Sunday, January 2, 2011

Review - Jason Cutmore, pianist

Holy Trinity Anglican Church was packed this afternoon to hear Edmonton born pianist Jason Cutmore in a subtle program of primarily French, Spanish and Viennese Romantic music.

I know I should refer to him as "Mr. Cutmore", but his performance was so intimate that I feel I can call him by his first name.  Perhaps it was the warmth of the home town crowd, but it is rare to feel like you are listening to a performance invisibly in a musician's private space.  

Jason's quiet strength is immediately palpable in his ability to be truly authentic in his playing and it seemed like he had an inner dialogue with the music. Indeed if you were sitting close enough, you could hear Jason singing along!

A gifted ability for melody, rich textures and evenness of colour and tone gave a depth and maturity to the program of Satie, Albeniz, Severac, Pärt, and Schubert.  It is refreshing to hear a young artist have a soft and sensual touch instead of the mathematical intensity so often heard in young pianists.  This aspect made me want to hear some Chopin or Liszt ... oh wait, there's always "YouTube"!  Here is Jason playing Liszt's powerful Après une Lecture du Dante, from his Years of Pilgrimage, Book II: Italy.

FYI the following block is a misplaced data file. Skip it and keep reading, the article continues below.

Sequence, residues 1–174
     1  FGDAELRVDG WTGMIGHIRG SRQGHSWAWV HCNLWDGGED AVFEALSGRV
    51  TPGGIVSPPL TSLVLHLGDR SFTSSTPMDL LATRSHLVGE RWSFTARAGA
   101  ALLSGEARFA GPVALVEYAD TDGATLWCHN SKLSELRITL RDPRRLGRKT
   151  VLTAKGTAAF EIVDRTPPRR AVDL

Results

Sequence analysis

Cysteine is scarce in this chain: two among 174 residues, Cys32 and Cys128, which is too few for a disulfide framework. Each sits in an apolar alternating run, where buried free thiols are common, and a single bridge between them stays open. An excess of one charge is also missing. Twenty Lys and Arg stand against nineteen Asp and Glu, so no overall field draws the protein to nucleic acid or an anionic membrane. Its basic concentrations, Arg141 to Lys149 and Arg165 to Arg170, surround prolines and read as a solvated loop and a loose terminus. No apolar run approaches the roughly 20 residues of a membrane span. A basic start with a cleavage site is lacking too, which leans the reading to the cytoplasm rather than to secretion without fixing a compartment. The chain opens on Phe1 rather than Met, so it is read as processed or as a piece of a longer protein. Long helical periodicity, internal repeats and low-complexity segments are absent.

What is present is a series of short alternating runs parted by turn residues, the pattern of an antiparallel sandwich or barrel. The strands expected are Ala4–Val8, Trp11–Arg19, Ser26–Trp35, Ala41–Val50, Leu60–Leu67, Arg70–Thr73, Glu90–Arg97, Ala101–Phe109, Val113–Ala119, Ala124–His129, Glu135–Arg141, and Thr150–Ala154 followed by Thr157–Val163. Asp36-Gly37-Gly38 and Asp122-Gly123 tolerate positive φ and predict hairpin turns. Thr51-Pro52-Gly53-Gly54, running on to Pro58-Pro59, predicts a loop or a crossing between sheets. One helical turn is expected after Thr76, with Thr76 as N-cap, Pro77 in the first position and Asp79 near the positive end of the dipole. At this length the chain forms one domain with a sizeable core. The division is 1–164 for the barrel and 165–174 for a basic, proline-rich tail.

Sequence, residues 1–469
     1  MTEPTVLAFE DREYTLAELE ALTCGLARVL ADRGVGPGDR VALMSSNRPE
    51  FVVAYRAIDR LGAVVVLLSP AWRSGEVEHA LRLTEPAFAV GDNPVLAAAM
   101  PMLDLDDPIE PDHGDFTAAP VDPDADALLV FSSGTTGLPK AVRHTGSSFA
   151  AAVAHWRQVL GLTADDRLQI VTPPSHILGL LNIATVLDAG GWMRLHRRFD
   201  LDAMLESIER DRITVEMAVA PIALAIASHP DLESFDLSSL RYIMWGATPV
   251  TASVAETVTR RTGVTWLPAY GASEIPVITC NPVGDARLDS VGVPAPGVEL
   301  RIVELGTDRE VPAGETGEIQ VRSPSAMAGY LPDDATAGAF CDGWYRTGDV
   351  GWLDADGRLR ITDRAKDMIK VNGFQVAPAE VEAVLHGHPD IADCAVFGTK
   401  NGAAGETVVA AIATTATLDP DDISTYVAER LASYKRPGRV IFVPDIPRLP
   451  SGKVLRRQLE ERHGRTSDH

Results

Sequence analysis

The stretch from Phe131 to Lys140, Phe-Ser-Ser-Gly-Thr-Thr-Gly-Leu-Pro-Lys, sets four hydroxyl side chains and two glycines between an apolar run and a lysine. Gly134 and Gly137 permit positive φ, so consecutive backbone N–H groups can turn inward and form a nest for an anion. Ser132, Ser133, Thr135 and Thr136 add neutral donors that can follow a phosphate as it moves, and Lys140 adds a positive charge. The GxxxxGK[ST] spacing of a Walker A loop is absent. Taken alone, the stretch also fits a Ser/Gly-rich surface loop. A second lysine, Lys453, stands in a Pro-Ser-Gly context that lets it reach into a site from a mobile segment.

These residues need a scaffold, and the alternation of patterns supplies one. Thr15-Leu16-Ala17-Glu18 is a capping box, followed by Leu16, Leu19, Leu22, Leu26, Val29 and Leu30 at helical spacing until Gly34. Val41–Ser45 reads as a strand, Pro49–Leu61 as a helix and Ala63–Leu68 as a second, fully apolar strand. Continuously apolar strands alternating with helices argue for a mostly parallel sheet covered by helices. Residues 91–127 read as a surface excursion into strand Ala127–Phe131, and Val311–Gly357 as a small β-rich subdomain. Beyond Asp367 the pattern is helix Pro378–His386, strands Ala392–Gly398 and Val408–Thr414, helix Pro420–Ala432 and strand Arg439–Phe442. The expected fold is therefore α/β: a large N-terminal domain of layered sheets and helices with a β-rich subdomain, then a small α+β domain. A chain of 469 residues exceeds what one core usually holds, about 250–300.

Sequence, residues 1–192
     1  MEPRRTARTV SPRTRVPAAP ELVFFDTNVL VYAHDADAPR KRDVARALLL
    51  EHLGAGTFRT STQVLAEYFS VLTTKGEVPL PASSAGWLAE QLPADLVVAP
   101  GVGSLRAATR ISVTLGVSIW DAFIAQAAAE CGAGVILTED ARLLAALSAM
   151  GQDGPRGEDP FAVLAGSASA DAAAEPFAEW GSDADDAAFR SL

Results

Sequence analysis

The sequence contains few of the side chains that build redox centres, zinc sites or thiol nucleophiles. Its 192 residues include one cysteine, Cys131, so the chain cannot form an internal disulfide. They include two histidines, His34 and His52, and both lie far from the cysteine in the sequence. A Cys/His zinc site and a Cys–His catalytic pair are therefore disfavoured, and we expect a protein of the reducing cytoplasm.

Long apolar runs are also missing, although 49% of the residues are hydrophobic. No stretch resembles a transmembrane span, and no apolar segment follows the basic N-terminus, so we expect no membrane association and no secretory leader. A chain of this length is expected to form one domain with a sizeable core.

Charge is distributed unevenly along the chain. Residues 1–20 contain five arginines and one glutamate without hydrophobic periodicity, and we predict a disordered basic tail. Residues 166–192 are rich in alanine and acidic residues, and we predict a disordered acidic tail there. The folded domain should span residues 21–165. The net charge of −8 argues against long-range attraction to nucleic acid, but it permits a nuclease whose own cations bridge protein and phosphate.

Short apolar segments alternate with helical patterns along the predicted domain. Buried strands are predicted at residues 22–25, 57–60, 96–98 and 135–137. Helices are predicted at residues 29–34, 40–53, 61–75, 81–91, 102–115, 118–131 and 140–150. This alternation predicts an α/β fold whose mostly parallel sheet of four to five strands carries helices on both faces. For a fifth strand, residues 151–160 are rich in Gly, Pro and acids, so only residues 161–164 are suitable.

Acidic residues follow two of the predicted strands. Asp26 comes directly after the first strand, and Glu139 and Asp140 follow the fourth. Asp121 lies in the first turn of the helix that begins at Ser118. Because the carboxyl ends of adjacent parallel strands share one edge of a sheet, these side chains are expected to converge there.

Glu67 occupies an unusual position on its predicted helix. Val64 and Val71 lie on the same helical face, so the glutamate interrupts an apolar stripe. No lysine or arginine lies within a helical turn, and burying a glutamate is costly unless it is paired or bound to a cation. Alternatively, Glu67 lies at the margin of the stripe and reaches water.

However, most striking to me about Jason's playing was his sense of liberty with time and metre - a rubato or robbed time in the truest sense which fills the listener with longing in each sustain.  This mature musical sensitivity was the most powerful part of the performance and was especially effective in the  haunting lyric of the Gnossienne No.1 by Erik Satie and Für Alina by Arvo Pärt.

A short word about Für Alina - a two page masterwork of Pärt's Tintinnabuli style, whose difficulty can be easily overlooked and was expertly and sensitively delivered.

Jason was most involved with the Cerdaña Suite by Déodat de Severac, especially the second movement The Mule-Drivers before the Christ of Llivia, which he personally described in the introduction as a "lamentation or meditation on a crucifix".  This section was particularly moving, and Jason obviously has a personal connection with this work; I hope he will record this rarely heard composer in the future.

Jason can be heard on his debut CD, an album of Spanish music by Manuel de Falla on Centaur Records, and in upcoming concerts in Ontario and the United States.

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